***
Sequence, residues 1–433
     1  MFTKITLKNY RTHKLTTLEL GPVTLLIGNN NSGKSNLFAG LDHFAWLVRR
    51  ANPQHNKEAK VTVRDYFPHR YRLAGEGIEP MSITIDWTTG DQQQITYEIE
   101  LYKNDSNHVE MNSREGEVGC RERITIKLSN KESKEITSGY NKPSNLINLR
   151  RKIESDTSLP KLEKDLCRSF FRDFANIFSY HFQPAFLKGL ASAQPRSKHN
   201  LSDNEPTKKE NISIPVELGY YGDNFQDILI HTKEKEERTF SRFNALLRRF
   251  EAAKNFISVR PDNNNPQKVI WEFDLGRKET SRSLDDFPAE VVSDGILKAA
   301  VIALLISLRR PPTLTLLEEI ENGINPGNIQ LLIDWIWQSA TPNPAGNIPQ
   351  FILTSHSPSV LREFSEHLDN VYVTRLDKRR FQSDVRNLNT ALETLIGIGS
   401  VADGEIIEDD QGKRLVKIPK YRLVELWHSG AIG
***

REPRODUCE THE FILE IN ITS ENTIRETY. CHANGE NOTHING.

Sequence, residues 1–433
     1  MFTKITLKNY RTHKLTTLEL GPVTLLIGNN NSGKSNLFAG LDHFAWLVRR
    51  ANPQHNKEAK VTVRDYFPHR YRLAGEGIEP MSITIDWTTG DQQQITYEIE
   101  LYKNDSNHVE MNSREGEVGC RERITIKLSN KESKEITSGY NKPSNLINLR
   151  RKIESDTSLP KLEKDLCRSF FRDFANIFSY HFQPAFLKGL ASAQPRSKHN
   201  LSDNEPTKKE NISIPVELGY YGDNFQDILI HTKEKEERTF SRFNALLRRF
   251  EAAKNFISVR PDNNNPQKVI WEFDLGRKET SRSLDDFPAE VVSDGILKAA
   301  VIALLISLRR PPTLTLLEEI ENGINPGNIQ LLIDWIWQSA TPNPAGNIPQ
   351  FILTSHSPSV LREFSEHLDN VYVTRLDKRR FQSDVRNLNT ALETLIGIGS
   401  VADGEIIEDD QGKRLVKIPK YRLVELWHSG AIG